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THE JAR OF HAPPINESS

Sweet and simple.

A little girl loses her happiness...but just for a while.

Curly-haired brunette Meg has her own secret recipe for happiness. She puts a dab of this and a spoonful of that into a jar and carries it with her everywhere, trailed by her faithful cat. It's her jar of happiness. It's red, yellow, and "all the other best colors." She uses the jar to cheer up her glum friend Zoe and to bring a smile to her grandmother, who has been feeling under the weather. And Meg's little brother, Leon, who gets on her nerves sometimes, also gets the benefit of the happiness jar...sometimes. One day, Meg's jar goes missing; she can't find it anywhere. Zoe arrives to cheer her up, and Oma gives her a big hug and lots of tickles. Leon goes all out, dressing as a monster and performing for his sister; he says that thinking happy thoughts can scare away "gloomy feelings, bad smells and even monsters.” By the end of the day, Meg still hasn't found her jar, but she has found happiness and can sleep soundly. The final illustration puckishly shows the solution to the mystery of the missing jar of happiness. Burrows' gentle tale is gracefully told and well-pitched to a very young audience, with minimal text, clean compositions, and plenty of white space. Meg and her family are white, while Zoe has light-brown skin and straight, dark hair.

Sweet and simple. (Picture book. 3-6)

Pub Date: March 1, 2016

ISBN: 978-1-84643-729-8

Page Count: 32

Publisher: Child's Play

Review Posted Online: Nov. 16, 2015

Kirkus Reviews Issue: Dec. 1, 2015

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IZZY GIZMO AND THE INVENTION CONVENTION

From the Izzy Gizmo series

A disappointing follow-up.

Inventor Izzy Gizmo is back in this sequel to her eponymous debut (2017).

While busily inventing one day, Izzy receives an invitation from the Genius Guild to their annual convention. Though Izzy’s “inventions…don’t always work,” Grandpa (apparently her sole caregiver) encourages her to go. The next day they undertake a long journey “over fields, hills, and waves” and “mile after mile” to isolated Technoff Isle. There, Izzy finds she must compete against four other kids to create the most impressive machine. The colorful, detail-rich illustrations chronicle how poor Izzy is thwarted at every turn by Abi von Lavish, a Veruca Salt–esque character who takes all the supplies for herself. But when Abi abandons her project, Izzy salvages the pieces and decides to take Grandpa’s advice to create a machine that “can really be put to good use.” A frustrated Izzy’s impatience with a friend almost foils her chance at the prize, but all’s well that ends well. There’s much to like: Brown-skinned inventor girl Izzy is an appealing character, it’s great to see a nurturing brown-skinned male caregiver, the idea of an “Invention Convention” is fun, and a sustainable-energy invention is laudable. However, these elements don’t make up for rhymes that often feel forced and a lackluster story.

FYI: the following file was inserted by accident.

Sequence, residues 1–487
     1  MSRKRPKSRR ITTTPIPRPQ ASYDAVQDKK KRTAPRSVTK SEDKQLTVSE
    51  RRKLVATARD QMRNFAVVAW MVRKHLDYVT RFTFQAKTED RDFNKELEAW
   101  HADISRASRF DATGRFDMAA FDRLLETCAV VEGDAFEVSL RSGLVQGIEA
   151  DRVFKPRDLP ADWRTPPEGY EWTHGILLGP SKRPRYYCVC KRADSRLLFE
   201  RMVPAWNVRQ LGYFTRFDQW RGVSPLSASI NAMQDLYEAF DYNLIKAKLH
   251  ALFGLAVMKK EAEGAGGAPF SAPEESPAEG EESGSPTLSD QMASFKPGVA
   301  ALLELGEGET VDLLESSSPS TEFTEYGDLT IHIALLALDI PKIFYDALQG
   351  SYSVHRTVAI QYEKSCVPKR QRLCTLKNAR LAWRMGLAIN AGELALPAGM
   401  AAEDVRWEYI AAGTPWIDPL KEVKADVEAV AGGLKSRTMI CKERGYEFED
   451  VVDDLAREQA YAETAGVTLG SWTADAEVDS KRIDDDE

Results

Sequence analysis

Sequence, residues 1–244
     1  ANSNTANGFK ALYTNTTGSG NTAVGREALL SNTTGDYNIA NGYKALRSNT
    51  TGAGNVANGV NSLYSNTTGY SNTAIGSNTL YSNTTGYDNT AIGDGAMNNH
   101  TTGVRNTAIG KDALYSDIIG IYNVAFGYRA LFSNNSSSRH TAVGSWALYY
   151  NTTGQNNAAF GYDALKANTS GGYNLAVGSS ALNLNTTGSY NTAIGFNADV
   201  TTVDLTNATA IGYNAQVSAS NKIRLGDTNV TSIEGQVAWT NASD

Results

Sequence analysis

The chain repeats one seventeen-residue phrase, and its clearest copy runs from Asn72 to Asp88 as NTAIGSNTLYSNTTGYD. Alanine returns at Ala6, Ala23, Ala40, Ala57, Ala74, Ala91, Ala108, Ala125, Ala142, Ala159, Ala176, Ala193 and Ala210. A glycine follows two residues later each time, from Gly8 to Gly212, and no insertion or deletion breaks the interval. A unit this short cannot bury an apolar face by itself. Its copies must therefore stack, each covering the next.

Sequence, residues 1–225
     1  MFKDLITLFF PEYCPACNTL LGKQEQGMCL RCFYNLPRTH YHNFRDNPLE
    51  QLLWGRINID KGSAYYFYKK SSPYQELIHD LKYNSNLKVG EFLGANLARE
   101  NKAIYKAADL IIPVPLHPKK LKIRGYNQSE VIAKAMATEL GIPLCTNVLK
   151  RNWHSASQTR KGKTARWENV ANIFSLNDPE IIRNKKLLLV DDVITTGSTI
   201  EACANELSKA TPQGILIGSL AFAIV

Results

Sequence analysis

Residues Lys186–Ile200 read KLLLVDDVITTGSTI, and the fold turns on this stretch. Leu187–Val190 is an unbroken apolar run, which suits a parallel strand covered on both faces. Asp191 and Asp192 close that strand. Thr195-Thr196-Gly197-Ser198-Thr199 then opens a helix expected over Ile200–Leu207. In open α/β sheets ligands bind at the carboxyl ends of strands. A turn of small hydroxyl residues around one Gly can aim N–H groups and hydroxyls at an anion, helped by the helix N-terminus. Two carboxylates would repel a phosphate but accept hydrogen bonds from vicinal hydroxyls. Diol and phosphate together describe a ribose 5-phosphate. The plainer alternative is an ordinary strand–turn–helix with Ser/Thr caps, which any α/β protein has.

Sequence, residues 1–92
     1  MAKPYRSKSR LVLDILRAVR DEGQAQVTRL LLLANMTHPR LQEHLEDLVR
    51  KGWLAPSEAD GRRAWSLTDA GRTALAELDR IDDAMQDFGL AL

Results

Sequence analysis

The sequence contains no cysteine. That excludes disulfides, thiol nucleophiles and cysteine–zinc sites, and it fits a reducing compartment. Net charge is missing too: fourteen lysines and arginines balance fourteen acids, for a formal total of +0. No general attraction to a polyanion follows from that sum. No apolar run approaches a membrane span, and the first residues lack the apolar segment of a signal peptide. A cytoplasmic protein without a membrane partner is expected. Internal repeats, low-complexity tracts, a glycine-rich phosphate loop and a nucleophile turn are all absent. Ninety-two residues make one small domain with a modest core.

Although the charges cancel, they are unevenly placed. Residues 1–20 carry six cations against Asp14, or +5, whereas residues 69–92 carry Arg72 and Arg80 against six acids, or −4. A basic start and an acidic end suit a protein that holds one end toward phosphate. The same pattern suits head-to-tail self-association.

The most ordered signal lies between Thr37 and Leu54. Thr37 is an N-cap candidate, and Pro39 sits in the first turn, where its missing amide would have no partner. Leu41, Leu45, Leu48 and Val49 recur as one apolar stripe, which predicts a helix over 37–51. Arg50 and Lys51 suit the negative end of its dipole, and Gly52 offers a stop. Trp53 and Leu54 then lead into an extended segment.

A disappointing follow-up. (Picture book. 3-6)

Pub Date: March 1, 2020

ISBN: 978-1-68263-164-5

Page Count: 32

Publisher: Peachtree

Review Posted Online: Jan. 11, 2020

Kirkus Reviews Issue: Feb. 1, 2020

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YOUR BABY'S FIRST WORD WILL BE DADA

Plotless and pointless, the book clearly exists only because its celebrity author wrote it.

A succession of animal dads do their best to teach their young to say “Dada” in this picture-book vehicle for Fallon.

A grumpy bull says, “DADA!”; his calf moos back. A sad-looking ram insists, “DADA!”; his lamb baas back. A duck, a bee, a dog, a rabbit, a cat, a mouse, a donkey, a pig, a frog, a rooster, and a horse all fail similarly, spread by spread. A final two-spread sequence finds all of the animals arrayed across the pages, dads on the verso and children on the recto. All the text prior to this point has been either iterations of “Dada” or animal sounds in dialogue bubbles; here, narrative text states, “Now everybody get in line, let’s say it together one more time….” Upon the turn of the page, the animal dads gaze round-eyed as their young across the gutter all cry, “DADA!” (except the duckling, who says, “quack”). Ordóñez's illustrations have a bland, digital look, compositions hardly varying with the characters, although the pastel-colored backgrounds change. The punch line fails from a design standpoint, as the sudden, single-bubble chorus of “DADA” appears to be emanating from background features rather than the baby animals’ mouths (only some of which, on close inspection, appear to be open). It also fails to be funny.

Plotless and pointless, the book clearly exists only because its celebrity author wrote it. (Picture book. 3-5)

Pub Date: June 9, 2015

ISBN: 978-1-250-00934-0

Page Count: 32

Publisher: Feiwel & Friends

Review Posted Online: April 14, 2015

Kirkus Reviews Issue: May 1, 2015

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